Bruce Lawson's Wealthy Western Web: Where's Your Next Customer's Coming From?

The actual title: World Wide Web, Not Wealthy Western Web, by Bruce Lawson. But the "Wealthy Western Web" is such a brilliant quote, I can't let that go. I used it recently in a lightening talk and it's such a perfect phrase which embodies the very mistakes that many devs succumb to.

Websites can be made to better serve the whole world. - Bruce Lawson.

Bruce Lawson, formerly of Opera, the once European browser with 350M users, penned two back to back pieces for Smashing Magazine, making studied and researched arguments as to why developing for the most common (not lowest) denominator will by default get you more customers. What that means? Making sure you create web products that can be connected to and loaded by users in emerging markets as well as the Western ones. Doing that simply creates additional commerce or opportunities for more commerce.
And these users from said emerging markets are here. I spoke of a CNN piece I watched discussing how an Indian billionaire was investing to put Indians on mobile broadband:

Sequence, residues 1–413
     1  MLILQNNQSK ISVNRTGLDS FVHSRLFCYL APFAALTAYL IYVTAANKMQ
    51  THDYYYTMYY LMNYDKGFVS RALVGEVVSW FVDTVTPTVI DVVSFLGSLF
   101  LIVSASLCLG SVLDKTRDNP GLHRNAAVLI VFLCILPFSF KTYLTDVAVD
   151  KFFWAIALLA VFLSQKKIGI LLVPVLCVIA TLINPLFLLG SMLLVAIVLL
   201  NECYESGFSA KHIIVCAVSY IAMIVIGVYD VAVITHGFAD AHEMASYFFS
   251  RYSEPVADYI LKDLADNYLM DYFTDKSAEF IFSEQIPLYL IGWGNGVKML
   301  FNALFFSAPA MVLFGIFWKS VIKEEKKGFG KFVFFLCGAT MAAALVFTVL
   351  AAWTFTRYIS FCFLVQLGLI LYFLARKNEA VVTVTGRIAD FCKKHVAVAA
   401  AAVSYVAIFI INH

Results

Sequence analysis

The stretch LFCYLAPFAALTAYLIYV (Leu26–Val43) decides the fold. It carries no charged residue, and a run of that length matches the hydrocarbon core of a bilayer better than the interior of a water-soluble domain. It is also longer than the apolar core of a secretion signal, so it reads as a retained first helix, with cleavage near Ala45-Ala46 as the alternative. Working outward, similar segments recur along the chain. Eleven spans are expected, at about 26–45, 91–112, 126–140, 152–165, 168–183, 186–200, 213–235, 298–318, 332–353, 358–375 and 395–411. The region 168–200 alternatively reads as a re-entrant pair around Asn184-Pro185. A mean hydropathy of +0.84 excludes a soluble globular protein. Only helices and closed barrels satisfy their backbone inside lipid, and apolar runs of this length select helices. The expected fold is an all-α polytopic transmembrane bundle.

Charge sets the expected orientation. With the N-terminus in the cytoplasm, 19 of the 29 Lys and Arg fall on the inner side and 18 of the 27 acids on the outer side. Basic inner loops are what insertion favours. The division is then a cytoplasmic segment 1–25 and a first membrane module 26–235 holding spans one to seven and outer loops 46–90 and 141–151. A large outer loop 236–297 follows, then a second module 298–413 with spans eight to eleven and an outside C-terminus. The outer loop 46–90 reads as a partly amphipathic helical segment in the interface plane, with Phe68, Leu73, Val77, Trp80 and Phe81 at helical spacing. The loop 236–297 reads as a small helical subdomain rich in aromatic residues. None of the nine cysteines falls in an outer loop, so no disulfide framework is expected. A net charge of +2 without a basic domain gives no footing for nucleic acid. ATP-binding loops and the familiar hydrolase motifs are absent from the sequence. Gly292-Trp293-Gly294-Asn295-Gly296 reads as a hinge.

Mukesh Ambani then added, the following:

Where's Your Next Customer's Coming From? Digging deeper, you start to look @ the greater issues set around a trove of data: from world demographics, to hardware experience, to individual income and even penetration - all having broad and very current effects.

We have to make sure the the web works better on low spec devices - Bruce Lawson

In his piece, Bruce discusses a well detailed case of a failed NY dating business which suddenly flourished overseas, and specifically in India as signups there were dwarfing any interest in NY. I heard him talk about this some time back, only to personally run into 2 devs who were in the midst of the same situation: 2 education startups suddenly mired in issues because of sudden interest from overseas students, and the challenges from sites inaccessible due in part to the poor networks their users were on.

Where's Your Next Customer's Coming From?

Pat Meenan of the Google Chrome team spoke of some of these very issues, highlighting that Google search in a few territories was a much lighter experience with no javascript, acknowledging it's need due to poor networks. There's a reason proxy browsers have a level of popularity - a mix of convenience and need. I listened to Nils K├Ârber of ROAM expound how data was a luxury in Africa, and proxy browsers like Opera (and it's suite if data saving apps) do just that - save the data, and some go as far as keeping images turned off.

I would urge that you head over and read both pieces by Bruce and parse all the details and data that he has wonderfully shared with us all, and possibly gain a new perspective on development for your next 1B users.

World Wide Web, Not Wealthy Western Web (pt1)

World Wide Web, Not Wealthy Western Web (pt2)

bonus: Linking the conference where I saw a version of the original talk live @ Velocity Conference.